Have I mentioned in a previous post that my mother was an excellent cook? I suppose I have. In consideration of where my love of cooking has its origins, I’ll probably mention it again. A bit of a culinary pioneer for her time, she used far fewer convenience foods and many more fresh vegetables and homemade dishes than her friends. Most of her soups, stews and braises cooked slowly and simmered long. She made her own salad dressing and applesauce, always. As a child, I wasn’t aware that applesauce came in jars – at least not until I began attending the local public school. And as I know I've mentioned previously, all of this good home cooking was done on a working woman’s schedule, since the small business she and my father ran generally kept them busy for a good 50 – 60 hours a week. This of course meant that she was a woman often in need of shortcuts. Not everything could be made from scratch; not everything started with fresh, raw foods.
She loved to entertain, and her friends from the much tonier parts of our town clamored to come to her dinners. In summertime, she was fond of starting a company meal with a small bowl of chilled soup. One of her favorites was a summer borscht. Her trick was to use one of those tall jars of very sweet beet borscht that you find in the Jewish food section of most supermarkets. She would add tinned tomatoes, dill, scallions, and a cube of beef stock concentrate, and give it all a whirl in the blender, then chill it and serve it with sour cream and more chopped dill. The tomatoes and the beef bouillon cube cut the sugariness of the prepared borscht, so the resulting soup was elegant and refreshing. Despite being a purely vegetable soup, it also had a substantial feeling to it. If it was not intended as part of a longer dinner, it made a very good meal in and of itself, with sandwiches or good bread, cheese and a salad.
That’s true of my version as well. It adapts well to a gazpacho treatment, meaning that it can be served with little side dishes of extra minced scallion, dill, cucumber, and chopped hard-cooked egg, as well as the dollop of sour cream, crème fraîche or yogurt which completes the bowl. My father is fond of this soup with a whole cold boiled potato in it, to spoon up as he eats. And I have had it served with a whole hard cooked egg instead of chopped egg, the white convex surface rising prettily out of the dark magenta soup, ready to receive the same treatment from your spoon as the potato. Here's one of those places that you can start with a theme, and see what variations work best for you and your particular situation.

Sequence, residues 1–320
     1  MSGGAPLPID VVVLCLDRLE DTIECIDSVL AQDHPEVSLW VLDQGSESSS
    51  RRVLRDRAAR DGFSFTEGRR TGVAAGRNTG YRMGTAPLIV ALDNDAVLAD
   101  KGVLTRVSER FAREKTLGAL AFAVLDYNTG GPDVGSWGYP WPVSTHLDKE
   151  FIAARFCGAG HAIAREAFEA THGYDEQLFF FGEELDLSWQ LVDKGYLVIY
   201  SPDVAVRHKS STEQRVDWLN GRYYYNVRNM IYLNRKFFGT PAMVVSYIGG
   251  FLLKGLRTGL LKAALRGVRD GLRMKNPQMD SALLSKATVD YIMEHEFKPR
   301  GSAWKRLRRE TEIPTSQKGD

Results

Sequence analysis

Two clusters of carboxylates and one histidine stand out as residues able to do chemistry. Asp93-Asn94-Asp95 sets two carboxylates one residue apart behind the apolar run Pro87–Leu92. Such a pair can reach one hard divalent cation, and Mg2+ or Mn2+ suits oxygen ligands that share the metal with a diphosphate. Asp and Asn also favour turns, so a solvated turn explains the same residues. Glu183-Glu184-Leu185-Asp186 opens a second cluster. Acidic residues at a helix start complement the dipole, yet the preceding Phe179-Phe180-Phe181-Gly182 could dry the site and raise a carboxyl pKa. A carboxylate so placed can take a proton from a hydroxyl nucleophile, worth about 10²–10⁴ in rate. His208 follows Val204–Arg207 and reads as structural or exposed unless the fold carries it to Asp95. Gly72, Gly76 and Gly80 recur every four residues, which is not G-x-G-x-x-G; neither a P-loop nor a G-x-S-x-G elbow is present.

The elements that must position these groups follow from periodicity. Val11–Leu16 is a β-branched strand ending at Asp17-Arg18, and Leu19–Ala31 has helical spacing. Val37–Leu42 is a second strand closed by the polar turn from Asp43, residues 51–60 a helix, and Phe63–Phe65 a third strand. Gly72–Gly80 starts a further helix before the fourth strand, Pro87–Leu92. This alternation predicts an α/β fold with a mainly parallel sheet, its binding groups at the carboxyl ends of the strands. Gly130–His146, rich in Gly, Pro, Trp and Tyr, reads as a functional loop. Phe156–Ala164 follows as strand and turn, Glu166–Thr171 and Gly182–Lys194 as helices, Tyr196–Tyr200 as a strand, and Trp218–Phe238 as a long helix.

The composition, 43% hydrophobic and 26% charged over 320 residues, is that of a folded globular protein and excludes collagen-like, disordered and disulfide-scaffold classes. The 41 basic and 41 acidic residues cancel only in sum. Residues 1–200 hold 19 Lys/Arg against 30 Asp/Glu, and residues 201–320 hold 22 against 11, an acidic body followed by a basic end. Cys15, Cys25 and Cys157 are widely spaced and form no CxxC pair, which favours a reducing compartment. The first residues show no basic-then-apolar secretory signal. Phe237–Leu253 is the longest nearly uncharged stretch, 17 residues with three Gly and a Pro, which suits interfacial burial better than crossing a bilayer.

I don’t use bottled beet borscht, finding it too sweet for my taste. I usually start with those nice vacuum-packed cooked beets that you can find in fancy food stores, imported from France. And for soup in a hurry, I use canned tomatoes as well. To supplement the liquid missing from the tall jar of borscht, I use reconstituted beef or vegetable stock concentrate. Of course, there’s no reason why you couldn’t make this soup completely from lovely fresh farmer’s market provender: beets from your favorite farm stand, roasted or simmered gently until tender, and tomatoes just blanched, peeled and seeded. Maybe you have your own homemade stock to use – do so, by all means. Perhaps when cooking beets or peeling tomatoes for some other meal, you may want to make extra with cold soup in mind.
There are times, however, when we’re all in need of a culinary quick trick or two, as M.F.K. Fisher was prone to note when sharing some of her own. Here’s the version I made this weekend. We had houseguests, and most of our preparation time was spent cleaning the house and getting their room ready for them. Cooking was not the priority, and yet I wanted to have something special in the house for Jane and Grace, driving down from cool, pristine Maine to spend this hot weekend in New York. Jane has always loved borscht, all kinds of borscht. A bowl of the hot winter borscht from Veselka was a true friend to her when she lived on the Lower East Side. And this cold version of my mother’s became such a favorite that Jane begged for and published the recipe in a New England paper several years ago.
Chilled Beet Soup, aka Summer Borscht
2 250 gram vacuum packets of cooked beets (or 18 oz. of home-cooked beets)
1 16 oz. can of tomatoes in puree (or an equivalent of freshly blanched, peeled and seeded tomatoes)
2 large scallions
A large fistful of dill
2 tsp. of beef or vegetable stock concentrate (I use Better Than Bouillon), reconstituted in 2 cups of water
2 tsp. sugar
pepper to taste
2 Tbsp. Balsamic vinegar
Combine 3/4 of the beets in a blender jar along with everything else, and whirl until smooth. Taste for seasoning. Go for a balance of sweet, tart and salty, adding more dill if necessary. Stir in the last 125 grams of beets, julienned or chopped into little dice. Chill, and serve with a dollop of Greek yogurt, sour cream or crème fraîche, and more minced dill. Chopped cucumber, hard boiled eggs and boiled new potatoes can also be added for a more substantial soup. Another alternative is to add some yogurt or sour cream at the blender stage for a thrillingly pink soup rather than a dark garnet bowlful.
Accompany with good pumpernickel bread and sweet butter.